Spider-man has scaled the Highs and lows of comic book adaptations
Another week, another Spider-Man story. You can't pick up a paper these days without getting caught up in the Marvel hero's sticky web. First came the news that there's to be a total reboot of the movie franchise. Then there's the never-ending saga of Bono and The Edge's Broadway musical Spider-Man: Turn Off the Dark, which has gone through more rewrites than the Gospels. And this week we learned the comic book version of Spider-Man is to die.
Anyway, this got me to thinking about the last time Spider-Man was almost killed. The culprit was the CBS television network, which in the 1970s produced 13 episodes of The Amazing Spider-Man, a live-action series so terrible it should have finished off the superhero's celluloid ambitions forever.
A lump of wood called Nicholas Hammond (one of the Von Trapp children in The Sound of Music) played Peter Parker, whose web-slinging alter-ego was portrayed by a mute stuntman. With its mundane plots and dire action scenes, The Amazing Spider-Man is the worst comic book series ever made, but then comic book characters have always had a chequered relationship with the small screen.
Wonder Woman was loved by little girls, as well as by leering dads who enjoyed star Lynda Carter, with her kinky boots and shiny knickers. Knickers or no knickers, Wonder Woman was, in the American parlance, pants.
The Incredible Hulk was a worldwide hit. Disappointingly, though, it featured none of the fantastical elements or supernatural villains of the comics. Series creator Kenneth Johnson said he was inspired more by Victor Hugo's Les Miserables than by the source material.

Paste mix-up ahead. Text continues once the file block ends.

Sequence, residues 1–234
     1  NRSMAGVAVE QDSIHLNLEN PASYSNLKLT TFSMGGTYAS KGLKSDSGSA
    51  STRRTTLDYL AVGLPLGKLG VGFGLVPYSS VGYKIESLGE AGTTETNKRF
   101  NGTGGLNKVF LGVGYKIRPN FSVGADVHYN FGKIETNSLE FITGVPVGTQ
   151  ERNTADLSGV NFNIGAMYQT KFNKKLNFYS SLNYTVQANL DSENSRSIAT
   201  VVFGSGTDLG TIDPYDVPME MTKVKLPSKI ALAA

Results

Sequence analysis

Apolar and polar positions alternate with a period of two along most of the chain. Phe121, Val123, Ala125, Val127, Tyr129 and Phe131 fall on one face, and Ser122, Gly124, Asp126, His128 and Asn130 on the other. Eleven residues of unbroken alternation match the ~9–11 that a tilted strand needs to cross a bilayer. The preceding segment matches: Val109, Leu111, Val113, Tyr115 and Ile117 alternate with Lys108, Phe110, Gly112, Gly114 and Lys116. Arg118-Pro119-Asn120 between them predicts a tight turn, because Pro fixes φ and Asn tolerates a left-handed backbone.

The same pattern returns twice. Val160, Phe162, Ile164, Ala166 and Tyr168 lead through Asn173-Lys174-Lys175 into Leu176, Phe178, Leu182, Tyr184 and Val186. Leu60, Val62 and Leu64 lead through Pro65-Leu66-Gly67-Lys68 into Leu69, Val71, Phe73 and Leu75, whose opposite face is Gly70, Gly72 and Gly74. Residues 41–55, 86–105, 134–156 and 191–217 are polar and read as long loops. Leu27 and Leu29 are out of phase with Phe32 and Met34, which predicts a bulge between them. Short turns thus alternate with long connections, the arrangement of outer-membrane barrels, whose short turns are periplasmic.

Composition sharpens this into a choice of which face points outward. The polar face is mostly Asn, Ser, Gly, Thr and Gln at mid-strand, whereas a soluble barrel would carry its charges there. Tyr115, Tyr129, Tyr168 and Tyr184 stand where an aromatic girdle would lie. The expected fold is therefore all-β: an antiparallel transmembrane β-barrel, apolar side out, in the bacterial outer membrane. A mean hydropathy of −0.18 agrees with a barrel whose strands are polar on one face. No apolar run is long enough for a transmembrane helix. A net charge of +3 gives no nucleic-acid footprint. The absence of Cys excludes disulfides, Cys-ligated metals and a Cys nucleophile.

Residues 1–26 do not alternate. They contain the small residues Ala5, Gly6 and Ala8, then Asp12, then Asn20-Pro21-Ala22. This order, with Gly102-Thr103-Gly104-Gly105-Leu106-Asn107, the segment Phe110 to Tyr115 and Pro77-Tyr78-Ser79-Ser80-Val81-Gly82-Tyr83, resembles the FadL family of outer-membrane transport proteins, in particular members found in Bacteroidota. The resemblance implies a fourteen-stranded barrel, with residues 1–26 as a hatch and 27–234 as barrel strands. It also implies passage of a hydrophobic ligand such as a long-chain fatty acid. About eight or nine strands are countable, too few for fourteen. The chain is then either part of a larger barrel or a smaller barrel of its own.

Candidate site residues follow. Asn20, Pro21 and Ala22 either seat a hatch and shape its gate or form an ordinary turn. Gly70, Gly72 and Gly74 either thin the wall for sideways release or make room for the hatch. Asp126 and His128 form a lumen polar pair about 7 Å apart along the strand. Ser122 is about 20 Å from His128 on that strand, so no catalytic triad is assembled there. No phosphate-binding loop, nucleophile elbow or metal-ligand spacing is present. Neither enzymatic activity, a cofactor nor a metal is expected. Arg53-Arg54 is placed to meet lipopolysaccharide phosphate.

Still, both these were masterpieces compared to two made-for-TV movies featuring Captain America in the 1970s. These dispensed with the character's iconic costume and had him riding around on a motorcycle looking like Peter Fonda's character in Easy Rider.
Superman, the daddy of all comic book heroes, has fared better on TV. Lois & Clark and Smallville were major successes, although they were as much about romantic life and personal relationships as about a kiss-curled super-being flying around with his knickers outside his tights. In Smallville, the young Clark neither flew nor wore the famous red-and-blue costume.
Comic book heroes tend to take themselves seriously, yet there's strong evidence to suggest they work best when they're played tongue in cheek. The 1960s Batman remains hugely enjoyable because of the camp scripts and the wonderful, deadpan performances by Adam West as Batman and Burt Ward as Robin.
One of the most enjoyable superhero series, though not based on a comic book, was the 1980s comedy-drama The Greatest American Hero, about a teacher who receives a super-powered suit, from aliens but loses the instruction manual and never quite masters how to control it. Blunderman -- now that's my type of hero.